3 Tips to Protect your Pet from Heartworms
1. Preventative Medicine
The American Heartworm Society and many veterinarians recommend year-round preventative medication.
Medications can be administered orally or topically, and prevention is far more effective and less costly than treatment if your dog is diagnosed with heartworm. But, remember that preventives are not used to kill the adult worm and some can cause severe problems if given to animals with adult heartworms. You should follow the recommendations of your veterinarian prior to giving the preventive product.
2. Keep Your Home & Yard Mosquito Free
It may not be top of mind, but mosquitos can also be a threat in and around your own home. Mosquitoes can breed in small amounts of stagnant water, which can be found in flowerpots, empty containers left outside (buckets, toys), rain gutters, and low-lying areas in the yard. You may want to consider using a pet-friendly insecticide your yard. You can also harness the power of plants by planting some of this common mosquito repelling herbs; basil, catnip, lemon balm, or rosemary.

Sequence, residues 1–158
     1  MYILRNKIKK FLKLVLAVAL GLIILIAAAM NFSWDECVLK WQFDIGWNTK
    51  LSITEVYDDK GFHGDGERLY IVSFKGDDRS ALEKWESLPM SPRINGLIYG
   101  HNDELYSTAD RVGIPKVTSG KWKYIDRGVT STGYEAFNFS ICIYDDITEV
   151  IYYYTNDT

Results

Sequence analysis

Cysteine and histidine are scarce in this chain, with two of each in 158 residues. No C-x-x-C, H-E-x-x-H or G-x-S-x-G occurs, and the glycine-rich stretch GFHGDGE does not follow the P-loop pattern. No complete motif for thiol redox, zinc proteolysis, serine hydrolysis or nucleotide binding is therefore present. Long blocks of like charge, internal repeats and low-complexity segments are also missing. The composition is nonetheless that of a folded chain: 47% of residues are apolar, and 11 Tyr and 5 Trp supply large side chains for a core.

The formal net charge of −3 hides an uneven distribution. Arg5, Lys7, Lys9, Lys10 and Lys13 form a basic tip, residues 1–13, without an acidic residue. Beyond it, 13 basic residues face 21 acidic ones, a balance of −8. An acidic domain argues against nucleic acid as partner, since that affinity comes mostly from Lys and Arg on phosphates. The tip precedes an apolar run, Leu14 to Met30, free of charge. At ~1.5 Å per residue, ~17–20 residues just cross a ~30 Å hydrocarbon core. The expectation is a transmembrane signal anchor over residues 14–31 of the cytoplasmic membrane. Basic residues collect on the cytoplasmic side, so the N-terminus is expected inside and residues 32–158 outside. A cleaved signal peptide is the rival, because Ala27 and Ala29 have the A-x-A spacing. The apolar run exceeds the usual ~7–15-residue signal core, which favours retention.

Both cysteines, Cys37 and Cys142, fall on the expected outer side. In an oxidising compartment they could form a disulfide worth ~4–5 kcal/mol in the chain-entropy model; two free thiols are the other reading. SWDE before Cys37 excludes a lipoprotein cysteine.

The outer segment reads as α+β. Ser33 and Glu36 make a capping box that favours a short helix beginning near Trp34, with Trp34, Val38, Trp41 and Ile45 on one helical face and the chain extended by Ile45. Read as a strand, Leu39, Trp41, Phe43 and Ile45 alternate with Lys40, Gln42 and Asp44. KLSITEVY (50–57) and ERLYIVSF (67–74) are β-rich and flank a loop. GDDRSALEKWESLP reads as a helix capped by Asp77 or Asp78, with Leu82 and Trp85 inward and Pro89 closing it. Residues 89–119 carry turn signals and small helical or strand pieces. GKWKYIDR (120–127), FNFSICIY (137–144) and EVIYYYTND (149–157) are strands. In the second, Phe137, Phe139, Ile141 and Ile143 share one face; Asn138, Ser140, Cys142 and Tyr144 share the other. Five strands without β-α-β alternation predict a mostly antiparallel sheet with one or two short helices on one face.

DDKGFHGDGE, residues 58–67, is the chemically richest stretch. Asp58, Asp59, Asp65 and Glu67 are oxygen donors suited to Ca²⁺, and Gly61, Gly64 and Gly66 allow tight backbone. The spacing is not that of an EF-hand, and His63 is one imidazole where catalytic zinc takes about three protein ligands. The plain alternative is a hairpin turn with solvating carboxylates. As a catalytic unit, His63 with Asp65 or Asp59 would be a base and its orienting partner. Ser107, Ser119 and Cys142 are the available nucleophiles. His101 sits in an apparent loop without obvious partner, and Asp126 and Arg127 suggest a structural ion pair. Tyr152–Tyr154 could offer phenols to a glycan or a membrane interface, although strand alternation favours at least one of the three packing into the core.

Mosquitoes all across the country can carry heartworm, which means one bite from an infected mosquito can result in heartworm disease in your dog. There is no way to know whether a mosquito is infected, and it often takes several months for heartworm symptoms to appear in dogs.
3. Test Yearly
Heartworms mature after six months and can live in your dog’s body for seven years, constantly producing offspring. After about a year, a dog may harbor hundreds of these worms, although the average is 15. The worms cause inflammation and damage to the heart, arteries, and lungs.
The recommendation from the American Heartworm Society is to have all dogs tested for heartworm every 12 months, even those already on heartworm preventative medication.
Have your veterinarian test your dog for heartworm during your annual visit.